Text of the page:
Catching up, I wanted to report about some intriguing research I stumbled across regarding growing bananas in the Coastal South, while attending the recent Alabama Fruit & Vegetable Growers Association Conference held at Auburn University.
That’s right: Bananas. In Alabama. At Auburn. Is Auburn going bananas? It gets cold down South!
Dr. Elina Coneva, Alabama Cooperative Extension Service fruit crops specialist, and Edgar Vinson, research associate, Department of Horticulture, Auburn University, explain their research into the feasibility of growing bananas in south Alabama during a demonstration farm tour at Auburn University. The tour was held during the Alabama Fruit & Vegetable Growers Association Conference Feb. 7, 2014. (Photo by Jim Ewing)
The field trials are being held with hopes that local growers can provide a crop that competes with grocery imports. The trials are in their infancy; but so far 2 varieties survived last year’s 21- and 25-degree lows to harvest; they think at least one will survive this year’s 9-degree low; and this was in central Alabama, not the Coast. Trials are being held further south in Alabama, as well.
According to literature from the Alabama Cooperative Extension Service (ACES), the banana variety research plot at Auburn University’s Plant Science Research Center in Auburn, Ala., was established in 2011. Banana plants were provided by Dr. Greg Fonsah, an Extension ag economist and international banana production and marketing veteran from the University of Georgia at Tifton, GA.
This research, in my opinion, offers a huge potential resource for local and sustainable growing in the South. As ACES reports, bananas offer many different products that small, local growers can produce. “The fresh fruit can be used as dessert. Banana fruit can be cooked, fried or eaten ripe with stew. They can be used to produce beer, livestock forage, cooking wraps and plates, can be utilized as shade trees and for medicinal purposes. Banana fruit has low fat, cholesterol, sodium and salt content, and is extremely rich in potassium.” And they can be used for ornamental purposes, too.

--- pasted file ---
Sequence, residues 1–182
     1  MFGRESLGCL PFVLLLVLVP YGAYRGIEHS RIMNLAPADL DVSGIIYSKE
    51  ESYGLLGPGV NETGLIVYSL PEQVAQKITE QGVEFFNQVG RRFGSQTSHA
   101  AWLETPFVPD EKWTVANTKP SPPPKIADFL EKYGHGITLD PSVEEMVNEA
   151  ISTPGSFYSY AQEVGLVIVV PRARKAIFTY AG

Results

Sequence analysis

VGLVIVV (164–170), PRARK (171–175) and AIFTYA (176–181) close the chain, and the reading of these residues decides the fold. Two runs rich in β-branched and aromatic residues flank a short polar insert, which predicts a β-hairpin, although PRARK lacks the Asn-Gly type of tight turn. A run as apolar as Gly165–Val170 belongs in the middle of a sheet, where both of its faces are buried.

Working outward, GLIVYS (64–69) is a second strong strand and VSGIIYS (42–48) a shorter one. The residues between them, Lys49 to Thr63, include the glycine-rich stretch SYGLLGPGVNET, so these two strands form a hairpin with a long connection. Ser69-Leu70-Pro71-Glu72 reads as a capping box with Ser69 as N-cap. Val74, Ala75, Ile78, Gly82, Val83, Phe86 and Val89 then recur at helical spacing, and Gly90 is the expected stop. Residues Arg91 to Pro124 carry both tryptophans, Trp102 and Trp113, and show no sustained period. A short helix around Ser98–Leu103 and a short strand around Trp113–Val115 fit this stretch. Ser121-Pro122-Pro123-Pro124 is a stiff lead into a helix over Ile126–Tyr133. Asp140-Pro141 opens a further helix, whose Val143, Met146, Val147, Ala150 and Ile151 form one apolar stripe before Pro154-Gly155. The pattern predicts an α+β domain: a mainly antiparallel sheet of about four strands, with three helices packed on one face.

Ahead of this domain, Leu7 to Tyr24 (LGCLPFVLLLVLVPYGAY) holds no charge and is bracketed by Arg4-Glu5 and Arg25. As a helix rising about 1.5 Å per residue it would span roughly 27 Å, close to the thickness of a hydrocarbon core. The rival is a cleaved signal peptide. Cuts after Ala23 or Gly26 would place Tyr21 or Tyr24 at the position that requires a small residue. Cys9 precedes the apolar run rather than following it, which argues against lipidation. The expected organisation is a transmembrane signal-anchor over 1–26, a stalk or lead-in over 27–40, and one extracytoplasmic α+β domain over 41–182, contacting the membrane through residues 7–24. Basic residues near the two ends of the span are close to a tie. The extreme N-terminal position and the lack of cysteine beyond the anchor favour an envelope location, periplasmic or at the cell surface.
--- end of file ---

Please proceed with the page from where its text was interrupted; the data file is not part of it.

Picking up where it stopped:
But a major consideration for consumers interested in buying locally produced fruits and vegetables is that such locally grown products can be sustainably grown: not shipping them for thousands of miles and using up fossil fuels, or bringing up Fair Trade issues regarding worker health and equity. They can be grown as a local resource returning value to the local community.
Admittedly, I have not seen the UGA test site where ACES obtained its first varieties. Here’s an article about Dr. Fonsah and his work: http://www.caes.uga.edu/applications/gafaces/?public=viewStory&pk_id=4983
But I can say that I’m totally intrigued by the concept and hope that small, local and artisanal growers can add this crop to their offerings.
Thirteen varieties of bananas are being tested at Auburn University for their feasibility as a Gulf Coast cash crop. So far, two have shown promise, bouncing back from cold winter temperatures to produce a harvest. (Photo by Jim Ewing)
Varieties being tested at Auburn: ‘Gold Finger’, ‘Saba’, ‘Dwarf Cavendish’, ‘Pisang Ceylon’, ‘Double, ‘Dwarf Green’, ‘Dwarf Red’, ‘Raja Puri’, ‘Grand Naine’, ‘Cardaba’, ‘Viente Cohol’, ‘Sweet Heart’, and ‘Ice Cream’.
The tests will be carefully watched not only in Alabama, but across the Gulf States, I’m sure!
Jim PathFinder Ewing is a journalist, author, and former organic farmer now teaching natural, sustainable and organic agricultural practices. His latest book is Conscious Food: Sustainable Growing, Spiritual Eating (Findhorn Press). Find Jim on Facebook, follow him @EdiblePrayers or @OrganicWriter or visit blueskywaters.com.